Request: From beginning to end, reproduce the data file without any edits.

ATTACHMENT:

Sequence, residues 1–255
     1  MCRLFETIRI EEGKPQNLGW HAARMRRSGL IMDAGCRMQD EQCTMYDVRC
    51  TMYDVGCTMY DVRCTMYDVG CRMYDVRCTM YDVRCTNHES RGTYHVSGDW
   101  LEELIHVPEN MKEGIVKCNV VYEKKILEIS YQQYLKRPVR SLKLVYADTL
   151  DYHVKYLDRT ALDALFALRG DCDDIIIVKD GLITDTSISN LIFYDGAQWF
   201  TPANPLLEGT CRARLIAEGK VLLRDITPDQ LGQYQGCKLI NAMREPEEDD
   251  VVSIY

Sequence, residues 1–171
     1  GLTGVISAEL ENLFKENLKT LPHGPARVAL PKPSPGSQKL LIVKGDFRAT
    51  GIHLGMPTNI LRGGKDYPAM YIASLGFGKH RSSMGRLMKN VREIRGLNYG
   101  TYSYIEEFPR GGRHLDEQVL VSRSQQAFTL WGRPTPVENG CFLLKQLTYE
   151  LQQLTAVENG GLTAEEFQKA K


Sequence, residues 1–255
     1  MCRLFETIRI EEGKPQNLGW HAARMRRSGL IMDAGCRMQD EQCTMYDVRC
    51  TMYDVGCTMY DVRCTMYDVG CRMYDVRCTM YDVRCTNHES RGTYHVSGDW
   101  LEELIHVPEN MKEGIVKCNV VYEKKILEIS YQQYLKRPVR SLKLVYADTL
   151  DYHVKYLDRT ALDALFALRG DCDDIIIVKD GLITDTSISN LIFYDGAQWF
   201  TPANPLLEGT CRARLIAEGK VLLRDITPDQ LGQYQGCKLI NAMREPEEDD
   251  VVSIY

Sequence, residues 1–171
     1  GLTGVISAEL ENLFKENLKT LPHGPARVAL PKPSPGSQKL LIVKGDFRAT
    51  GIHLGMPTNI LRGGKDYPAM YIASLGFGKH RSSMGRLMKN VREIRGLNYG
   101  TYSYIEEFPR GGRHLDEQVL VSRSQQAFTL WGRPTPVENG CFLLKQLTYE
   151  LQQLTAVENG GLTAEEFQKA K